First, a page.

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I am going through the fourth edition of Algorithms by Sedgewick & Wayne. On page 190 there is a discussion of lower bounds for the 2-sum problem, where the 2-sum problem is stated as: find all pairs of integers in an input array that sum to zero where each integer is distinct.

In the lower bounds discussion it says: Can we find algorithms for the 2-sum and 3-sum problems that are substantially faster than TwoSumFast and ThreeSumFast? Is there a linear algorithm for 2-sum or a linearithmic algorithm for 3-sum? The answer to this question is no for 2-sum (under a model that counts and allows only comparisons of linear or quadratic functions of the numbers).

The bolded section above doesn't make sense to me, as one could iterate through the elements in the array and store them in a set or a hash map. Then iterate through again and check if the negative of each element exists in O(1) time. This would effectively be O(n) or linear time.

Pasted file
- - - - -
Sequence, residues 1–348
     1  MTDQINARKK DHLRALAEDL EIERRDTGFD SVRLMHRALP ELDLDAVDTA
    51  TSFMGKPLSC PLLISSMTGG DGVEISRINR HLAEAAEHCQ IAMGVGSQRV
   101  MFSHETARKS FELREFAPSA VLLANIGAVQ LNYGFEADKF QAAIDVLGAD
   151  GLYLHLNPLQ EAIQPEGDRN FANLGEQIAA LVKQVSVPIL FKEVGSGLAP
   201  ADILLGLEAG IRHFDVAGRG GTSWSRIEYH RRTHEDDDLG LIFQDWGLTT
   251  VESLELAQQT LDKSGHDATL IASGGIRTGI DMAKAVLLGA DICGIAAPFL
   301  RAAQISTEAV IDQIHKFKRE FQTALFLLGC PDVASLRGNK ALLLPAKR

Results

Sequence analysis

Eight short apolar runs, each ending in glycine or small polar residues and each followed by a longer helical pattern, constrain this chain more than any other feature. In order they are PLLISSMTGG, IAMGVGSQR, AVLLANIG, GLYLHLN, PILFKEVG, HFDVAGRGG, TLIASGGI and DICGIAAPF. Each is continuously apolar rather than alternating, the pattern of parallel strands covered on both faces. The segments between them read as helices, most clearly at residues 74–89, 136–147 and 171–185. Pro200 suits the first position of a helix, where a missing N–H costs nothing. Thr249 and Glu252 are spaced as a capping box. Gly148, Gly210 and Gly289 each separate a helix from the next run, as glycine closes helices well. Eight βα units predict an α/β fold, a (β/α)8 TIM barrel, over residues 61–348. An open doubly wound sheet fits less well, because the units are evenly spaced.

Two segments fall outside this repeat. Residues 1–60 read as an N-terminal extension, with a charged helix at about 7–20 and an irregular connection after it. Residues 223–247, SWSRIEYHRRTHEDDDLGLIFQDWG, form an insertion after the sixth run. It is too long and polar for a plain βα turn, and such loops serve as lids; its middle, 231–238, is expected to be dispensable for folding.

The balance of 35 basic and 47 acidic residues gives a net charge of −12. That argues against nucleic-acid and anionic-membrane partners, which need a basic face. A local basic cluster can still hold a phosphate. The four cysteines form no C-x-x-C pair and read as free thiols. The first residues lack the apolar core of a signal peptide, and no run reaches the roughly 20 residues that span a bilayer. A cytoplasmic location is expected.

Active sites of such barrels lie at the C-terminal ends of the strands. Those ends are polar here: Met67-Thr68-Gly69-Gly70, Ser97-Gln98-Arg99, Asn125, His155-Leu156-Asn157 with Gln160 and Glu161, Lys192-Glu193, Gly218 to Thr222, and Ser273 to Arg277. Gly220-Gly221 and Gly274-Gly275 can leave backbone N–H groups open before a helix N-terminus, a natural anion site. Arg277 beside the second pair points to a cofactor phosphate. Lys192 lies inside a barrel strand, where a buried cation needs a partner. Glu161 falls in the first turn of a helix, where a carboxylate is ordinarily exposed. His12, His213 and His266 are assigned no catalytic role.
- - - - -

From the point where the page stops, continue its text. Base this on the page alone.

The solution given in the text is to sort and then use binary search to check for the negative complement of each element in the array which is O(nlogn).

What am I missing here? I think it has something to do with this statement: under a model that counts and allows only comparisons of linear or quadratic functions of the numbers. But I'm not quite following what is meant by this statement or how using a hash map would violate this, considering binary search is a logarithmic function of the numbers.

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    $\begingroup$ Operations on hashtables are linear in the worst case, not $\mathcal{O}(1)$, which is the average complexity (not even amortized complexity). $\endgroup$
    – Nathaniel
    Mar 29 at 17:03

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